Increase in certified smallholders and certified palm oil volume - RSPO report
The Roundtable on Sustainable Palm Oil (RSPO) has released its Impact Report 2019, highlighting that the number of RSPO certified independent smallholders increased by 52 percent and the total number of smallholders increased by an impressive 165 percent during the period of 1 July 2018 to 30 June 2019. This is a particularly encouraging result as the RSPO continues to promote greater inclusion of smallholders while also ensuring that the core sustainability requirements are upheld.
Other noteworthy trends outlined in the RSPO Impact Report 2019, are the significant growth in RSPO certified areas in Africa by 56 percent. From a global perspective, the total RSPO certified area grew by over 22 percent year-on-year to 3.89 million hectares across 16 countries, with a production volume of 14.29 million tonnes of Certified Sustainable Palm Oil (CSPO) and 3.21 million tonnes of Certified Sustainable Palm Kernel (CSPK).
RSPO also approved 19 new grower members over the past financial year, totaling 171 growers in the organisation as of 30 June 2019.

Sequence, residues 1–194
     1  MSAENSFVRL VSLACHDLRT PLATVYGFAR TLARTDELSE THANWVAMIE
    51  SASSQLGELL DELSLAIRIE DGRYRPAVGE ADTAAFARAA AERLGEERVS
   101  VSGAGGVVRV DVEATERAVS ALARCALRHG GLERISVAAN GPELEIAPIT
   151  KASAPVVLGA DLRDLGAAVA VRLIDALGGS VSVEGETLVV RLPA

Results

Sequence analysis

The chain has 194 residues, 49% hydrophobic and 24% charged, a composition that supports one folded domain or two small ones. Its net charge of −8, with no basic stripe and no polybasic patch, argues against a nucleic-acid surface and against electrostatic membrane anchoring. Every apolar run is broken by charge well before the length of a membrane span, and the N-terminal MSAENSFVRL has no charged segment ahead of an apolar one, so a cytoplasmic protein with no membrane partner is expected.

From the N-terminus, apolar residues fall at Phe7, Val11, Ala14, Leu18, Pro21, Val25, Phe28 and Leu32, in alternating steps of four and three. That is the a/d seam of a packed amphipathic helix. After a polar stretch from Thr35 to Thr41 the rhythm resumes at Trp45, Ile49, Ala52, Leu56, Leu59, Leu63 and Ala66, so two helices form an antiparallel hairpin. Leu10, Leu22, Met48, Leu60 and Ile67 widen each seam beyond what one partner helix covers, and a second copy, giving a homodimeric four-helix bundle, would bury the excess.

I’m thrilled to see this sort of growth across a number of important parts of the sustainable palm oil value chain, particularly with regard to smallholders, and just before the new Independent Smallholder Standard is tabled for adoption at our upcoming roundtable conference this November. I’m confident we’ll see these numbers continue to increase in the years to come, said Datuk Darrel Webber, CEO, RSPO.
In terms of membership, RSPO grew by an impressive 11 percent reaching 4 349 members as of 30 June 2019, with the United States, Germany, and the United Kingdom achieving the top three respectively for membership.
Interestingly, the report also showed a 25 percent increase in RSPO Trademark licence holders since the last reporting period. Furthermore, there was also a 2 percent growth in overall demand and uptake during this reporting period.
Without more pressure and demand from the downstream market, the likely outcome is more unsustainable palm oil, said Webber.
Additionally, RSPO members continued their efforts by avoiding land clearance and any new planting on peat, and by sequestering conservation areas in new development, thus saving 1.4 million tonnes of carbon dioxide (CO2).